Each point along this curve reflects an instantaneous power measurement. When viewed in total, the area under this curve represents the pump’s power consumption. One kilowatt of power, measured for an hour, is the kilowatt hour the user is billed for. A vertical rise in this curve will be reflected in a larger energy expense, so the ability to monitor and investigate trends over time can be a key strategy to controlling expenses.
The electrical utility may also impose a “power factor” surcharge. This is the energy the power utility has to produce and deliver (the full amount of amps on the motor nameplate). But since they can only bill for the real work or power part, when power factor remains low across a plant, a low power factor surcharge is applied to the bill to enable the utility to recoup this difference.
Comparing power curves to the nameplate hp capacity can indicate where pumps may potentially be oversized and power factor surcharges are likely to impact the financial bottom line.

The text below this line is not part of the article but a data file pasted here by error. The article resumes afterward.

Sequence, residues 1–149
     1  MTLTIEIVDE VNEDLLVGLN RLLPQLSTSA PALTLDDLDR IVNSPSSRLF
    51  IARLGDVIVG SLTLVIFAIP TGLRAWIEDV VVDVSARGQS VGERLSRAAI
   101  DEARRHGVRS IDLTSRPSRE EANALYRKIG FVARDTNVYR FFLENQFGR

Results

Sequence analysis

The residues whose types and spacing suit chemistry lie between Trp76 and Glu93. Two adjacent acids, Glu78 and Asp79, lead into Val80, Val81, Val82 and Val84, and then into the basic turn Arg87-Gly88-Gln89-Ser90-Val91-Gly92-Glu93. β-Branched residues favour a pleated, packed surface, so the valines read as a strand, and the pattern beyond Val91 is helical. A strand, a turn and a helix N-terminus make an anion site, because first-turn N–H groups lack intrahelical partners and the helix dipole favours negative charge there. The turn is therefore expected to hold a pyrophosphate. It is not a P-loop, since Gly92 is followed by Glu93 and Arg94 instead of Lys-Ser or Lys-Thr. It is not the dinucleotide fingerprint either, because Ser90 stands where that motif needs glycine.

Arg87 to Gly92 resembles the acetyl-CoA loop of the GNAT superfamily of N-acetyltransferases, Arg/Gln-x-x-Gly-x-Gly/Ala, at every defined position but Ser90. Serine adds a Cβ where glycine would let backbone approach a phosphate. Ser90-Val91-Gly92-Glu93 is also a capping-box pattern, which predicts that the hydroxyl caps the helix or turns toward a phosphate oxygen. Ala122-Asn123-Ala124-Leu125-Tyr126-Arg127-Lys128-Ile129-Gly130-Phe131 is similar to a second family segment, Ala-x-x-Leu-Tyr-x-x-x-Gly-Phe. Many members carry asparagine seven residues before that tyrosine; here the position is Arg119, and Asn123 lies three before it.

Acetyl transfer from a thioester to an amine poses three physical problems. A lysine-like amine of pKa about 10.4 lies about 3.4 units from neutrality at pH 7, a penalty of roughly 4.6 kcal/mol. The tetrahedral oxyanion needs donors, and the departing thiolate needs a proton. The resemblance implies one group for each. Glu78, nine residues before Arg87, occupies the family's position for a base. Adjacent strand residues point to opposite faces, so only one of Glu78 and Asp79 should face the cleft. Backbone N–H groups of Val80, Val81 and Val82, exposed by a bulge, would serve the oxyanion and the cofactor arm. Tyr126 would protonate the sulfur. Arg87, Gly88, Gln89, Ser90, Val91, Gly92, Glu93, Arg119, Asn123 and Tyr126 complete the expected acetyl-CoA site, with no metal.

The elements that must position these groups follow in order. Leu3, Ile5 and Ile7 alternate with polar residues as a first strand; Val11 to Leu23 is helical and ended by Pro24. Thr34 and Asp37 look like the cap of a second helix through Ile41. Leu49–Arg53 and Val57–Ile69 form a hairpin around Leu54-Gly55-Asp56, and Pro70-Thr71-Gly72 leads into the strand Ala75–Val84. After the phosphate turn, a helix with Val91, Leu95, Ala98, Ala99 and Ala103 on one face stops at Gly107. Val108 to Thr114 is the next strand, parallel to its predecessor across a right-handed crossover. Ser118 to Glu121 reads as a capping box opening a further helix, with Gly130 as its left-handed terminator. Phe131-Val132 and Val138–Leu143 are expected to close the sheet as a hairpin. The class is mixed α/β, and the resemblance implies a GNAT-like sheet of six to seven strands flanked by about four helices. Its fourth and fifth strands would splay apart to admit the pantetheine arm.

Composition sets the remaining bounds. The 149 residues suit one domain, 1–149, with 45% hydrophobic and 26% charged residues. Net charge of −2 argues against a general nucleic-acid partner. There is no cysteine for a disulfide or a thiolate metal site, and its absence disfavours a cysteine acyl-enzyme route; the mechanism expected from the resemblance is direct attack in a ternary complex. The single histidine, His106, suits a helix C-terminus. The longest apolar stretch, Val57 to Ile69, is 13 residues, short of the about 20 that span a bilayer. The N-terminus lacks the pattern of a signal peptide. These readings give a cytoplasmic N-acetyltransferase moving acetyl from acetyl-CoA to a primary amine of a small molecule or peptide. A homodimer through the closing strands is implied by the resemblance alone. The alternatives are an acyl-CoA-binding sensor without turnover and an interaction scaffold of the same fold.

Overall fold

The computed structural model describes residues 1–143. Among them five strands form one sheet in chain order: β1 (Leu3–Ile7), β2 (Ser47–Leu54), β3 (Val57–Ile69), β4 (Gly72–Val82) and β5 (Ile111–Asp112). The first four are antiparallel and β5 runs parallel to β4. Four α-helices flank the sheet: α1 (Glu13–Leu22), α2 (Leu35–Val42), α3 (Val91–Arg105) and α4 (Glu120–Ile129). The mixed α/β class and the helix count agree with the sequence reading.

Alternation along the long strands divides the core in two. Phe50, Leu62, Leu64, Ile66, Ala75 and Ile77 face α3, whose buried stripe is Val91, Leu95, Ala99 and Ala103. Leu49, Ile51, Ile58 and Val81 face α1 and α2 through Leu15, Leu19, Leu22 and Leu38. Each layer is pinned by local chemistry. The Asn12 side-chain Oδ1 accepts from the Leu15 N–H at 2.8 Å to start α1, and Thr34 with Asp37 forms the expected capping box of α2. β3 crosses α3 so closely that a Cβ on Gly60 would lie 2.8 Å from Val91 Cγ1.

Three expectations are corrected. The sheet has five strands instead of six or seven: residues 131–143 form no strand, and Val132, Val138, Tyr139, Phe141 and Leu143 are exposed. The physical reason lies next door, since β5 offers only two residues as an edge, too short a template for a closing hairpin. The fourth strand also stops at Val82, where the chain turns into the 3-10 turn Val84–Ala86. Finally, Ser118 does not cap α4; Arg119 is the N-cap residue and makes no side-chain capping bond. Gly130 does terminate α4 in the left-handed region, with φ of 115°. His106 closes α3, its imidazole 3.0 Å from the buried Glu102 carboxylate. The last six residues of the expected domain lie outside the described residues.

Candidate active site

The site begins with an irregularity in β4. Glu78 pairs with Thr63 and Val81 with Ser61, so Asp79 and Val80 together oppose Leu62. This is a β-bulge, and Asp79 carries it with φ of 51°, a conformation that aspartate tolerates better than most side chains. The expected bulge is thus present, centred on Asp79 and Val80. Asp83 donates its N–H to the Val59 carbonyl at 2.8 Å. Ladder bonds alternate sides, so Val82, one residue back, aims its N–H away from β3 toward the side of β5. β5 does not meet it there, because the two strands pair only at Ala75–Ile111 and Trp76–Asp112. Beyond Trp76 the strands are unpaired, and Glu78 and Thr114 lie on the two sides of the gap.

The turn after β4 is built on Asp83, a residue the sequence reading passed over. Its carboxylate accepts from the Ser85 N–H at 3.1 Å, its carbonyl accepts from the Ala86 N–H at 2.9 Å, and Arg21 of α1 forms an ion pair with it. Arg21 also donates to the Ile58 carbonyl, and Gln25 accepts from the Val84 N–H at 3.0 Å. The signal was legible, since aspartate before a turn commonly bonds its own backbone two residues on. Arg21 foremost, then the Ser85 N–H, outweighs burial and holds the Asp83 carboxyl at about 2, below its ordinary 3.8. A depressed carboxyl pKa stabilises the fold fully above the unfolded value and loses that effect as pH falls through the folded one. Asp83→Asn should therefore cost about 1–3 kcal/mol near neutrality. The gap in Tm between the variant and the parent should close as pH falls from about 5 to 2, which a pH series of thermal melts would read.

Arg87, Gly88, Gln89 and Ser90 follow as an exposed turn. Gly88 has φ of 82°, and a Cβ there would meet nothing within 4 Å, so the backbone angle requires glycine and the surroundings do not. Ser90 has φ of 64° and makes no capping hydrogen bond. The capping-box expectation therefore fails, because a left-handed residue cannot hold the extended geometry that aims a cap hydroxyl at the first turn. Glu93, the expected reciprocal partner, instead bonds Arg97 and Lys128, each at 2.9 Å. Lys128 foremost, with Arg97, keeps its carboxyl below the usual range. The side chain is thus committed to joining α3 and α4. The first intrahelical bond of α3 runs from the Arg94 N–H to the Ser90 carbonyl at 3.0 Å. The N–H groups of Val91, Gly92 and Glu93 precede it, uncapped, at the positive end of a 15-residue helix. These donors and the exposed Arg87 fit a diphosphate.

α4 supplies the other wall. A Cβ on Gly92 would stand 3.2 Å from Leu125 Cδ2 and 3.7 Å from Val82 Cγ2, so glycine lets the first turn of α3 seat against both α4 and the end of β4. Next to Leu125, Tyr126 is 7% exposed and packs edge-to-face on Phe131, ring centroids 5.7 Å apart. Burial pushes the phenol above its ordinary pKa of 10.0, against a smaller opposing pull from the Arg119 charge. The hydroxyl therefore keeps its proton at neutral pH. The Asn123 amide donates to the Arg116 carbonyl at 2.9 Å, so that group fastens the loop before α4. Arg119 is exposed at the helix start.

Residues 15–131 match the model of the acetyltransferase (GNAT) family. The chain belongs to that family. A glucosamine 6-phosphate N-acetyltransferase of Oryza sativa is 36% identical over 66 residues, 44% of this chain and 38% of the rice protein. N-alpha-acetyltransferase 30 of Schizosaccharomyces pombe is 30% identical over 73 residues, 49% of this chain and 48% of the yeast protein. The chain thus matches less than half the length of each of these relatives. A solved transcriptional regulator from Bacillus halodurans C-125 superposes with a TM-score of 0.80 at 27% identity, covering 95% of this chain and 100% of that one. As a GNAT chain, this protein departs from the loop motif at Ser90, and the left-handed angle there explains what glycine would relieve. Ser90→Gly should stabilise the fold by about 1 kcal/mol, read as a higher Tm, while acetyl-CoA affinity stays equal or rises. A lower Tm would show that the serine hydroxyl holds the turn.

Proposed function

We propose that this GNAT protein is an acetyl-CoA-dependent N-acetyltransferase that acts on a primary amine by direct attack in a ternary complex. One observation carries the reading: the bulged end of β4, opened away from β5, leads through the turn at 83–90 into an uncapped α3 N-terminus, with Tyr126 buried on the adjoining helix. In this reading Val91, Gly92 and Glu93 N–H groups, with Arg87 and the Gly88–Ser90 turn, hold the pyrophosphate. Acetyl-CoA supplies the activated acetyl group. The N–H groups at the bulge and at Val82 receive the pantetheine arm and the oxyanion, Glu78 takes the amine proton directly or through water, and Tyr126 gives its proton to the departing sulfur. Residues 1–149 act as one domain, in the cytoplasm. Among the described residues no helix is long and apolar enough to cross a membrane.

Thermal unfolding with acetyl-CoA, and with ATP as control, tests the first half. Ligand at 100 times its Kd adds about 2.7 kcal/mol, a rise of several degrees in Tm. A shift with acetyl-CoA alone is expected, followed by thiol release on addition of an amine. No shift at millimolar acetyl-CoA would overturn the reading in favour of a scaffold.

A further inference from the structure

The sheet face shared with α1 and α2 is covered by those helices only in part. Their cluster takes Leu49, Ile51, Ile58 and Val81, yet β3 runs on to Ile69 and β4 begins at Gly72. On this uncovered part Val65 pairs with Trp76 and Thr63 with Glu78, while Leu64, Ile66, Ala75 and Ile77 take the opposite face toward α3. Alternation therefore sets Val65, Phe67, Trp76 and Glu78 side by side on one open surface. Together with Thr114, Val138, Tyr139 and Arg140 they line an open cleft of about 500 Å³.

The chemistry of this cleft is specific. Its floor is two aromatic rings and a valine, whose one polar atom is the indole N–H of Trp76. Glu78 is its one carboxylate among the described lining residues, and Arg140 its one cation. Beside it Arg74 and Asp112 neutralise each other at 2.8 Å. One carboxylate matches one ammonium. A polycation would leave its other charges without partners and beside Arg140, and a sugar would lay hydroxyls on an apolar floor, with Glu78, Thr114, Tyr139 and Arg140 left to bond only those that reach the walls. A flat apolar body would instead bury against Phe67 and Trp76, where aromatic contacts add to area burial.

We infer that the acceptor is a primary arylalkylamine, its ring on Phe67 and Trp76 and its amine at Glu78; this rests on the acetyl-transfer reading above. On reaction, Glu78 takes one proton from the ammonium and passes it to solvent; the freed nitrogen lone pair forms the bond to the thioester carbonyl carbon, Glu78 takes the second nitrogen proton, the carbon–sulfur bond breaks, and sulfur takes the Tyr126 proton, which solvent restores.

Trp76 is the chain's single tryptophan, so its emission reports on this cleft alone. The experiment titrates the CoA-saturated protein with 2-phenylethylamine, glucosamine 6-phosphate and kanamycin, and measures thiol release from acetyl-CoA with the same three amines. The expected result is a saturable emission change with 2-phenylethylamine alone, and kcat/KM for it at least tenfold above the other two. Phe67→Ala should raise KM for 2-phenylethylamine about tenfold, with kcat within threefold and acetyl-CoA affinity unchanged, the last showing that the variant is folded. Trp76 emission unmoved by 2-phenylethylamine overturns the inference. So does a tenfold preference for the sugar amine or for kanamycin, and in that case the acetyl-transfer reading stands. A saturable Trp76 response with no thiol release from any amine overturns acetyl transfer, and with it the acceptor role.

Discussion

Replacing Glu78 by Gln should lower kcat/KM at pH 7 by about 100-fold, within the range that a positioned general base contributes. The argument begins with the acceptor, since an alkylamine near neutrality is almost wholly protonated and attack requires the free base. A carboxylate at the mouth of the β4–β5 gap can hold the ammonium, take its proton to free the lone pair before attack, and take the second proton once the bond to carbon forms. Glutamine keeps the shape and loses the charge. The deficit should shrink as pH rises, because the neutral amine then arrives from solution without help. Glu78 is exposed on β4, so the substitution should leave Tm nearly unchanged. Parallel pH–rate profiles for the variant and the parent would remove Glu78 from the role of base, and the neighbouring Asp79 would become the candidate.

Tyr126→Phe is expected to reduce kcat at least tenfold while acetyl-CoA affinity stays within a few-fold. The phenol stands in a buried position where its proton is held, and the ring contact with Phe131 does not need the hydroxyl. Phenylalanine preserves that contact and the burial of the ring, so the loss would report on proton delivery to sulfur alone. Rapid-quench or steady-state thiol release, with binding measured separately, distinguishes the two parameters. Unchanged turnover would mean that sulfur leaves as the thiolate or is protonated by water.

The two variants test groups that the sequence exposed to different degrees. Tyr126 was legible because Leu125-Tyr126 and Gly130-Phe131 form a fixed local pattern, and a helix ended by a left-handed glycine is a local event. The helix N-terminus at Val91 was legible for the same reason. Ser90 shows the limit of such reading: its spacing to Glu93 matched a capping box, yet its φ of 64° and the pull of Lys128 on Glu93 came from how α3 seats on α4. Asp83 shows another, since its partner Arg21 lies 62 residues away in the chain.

Options for analyzing this data range from the simple to complex. Important factors to weigh are data acquisition, analytics alternatives, information security and retention policies. Starting with the simplest alternative, the data logger may provide important insights and offer keys for where further analysis is necessary.
Graphing pump power readings over time allows trends to be spotted and before/after comparisons to be conducted. With power sensors connected to programmable logic controllers (PLCs), data acquisition systems can capture data for graphing, spreadsheet analysis and deeper analytics.
Moving data to the cloud allows detection tools to spot trends. An experienced cloud migration specialist can assist with this project, offering data security best practices and recommendations for data retention that provide access while minimizing costs.
Power monitoring can be an important element of a well-managed pump subsystem. Knowing pump motor power status and consumption provides valuable input about process variables such as feeds, flows, pressure and viscosity, process efficiency and the changes to the pumping subsystem over time.
In addition to protecting pumps, this information can provide valuable insights into potential maintenance needs and energy cost savings.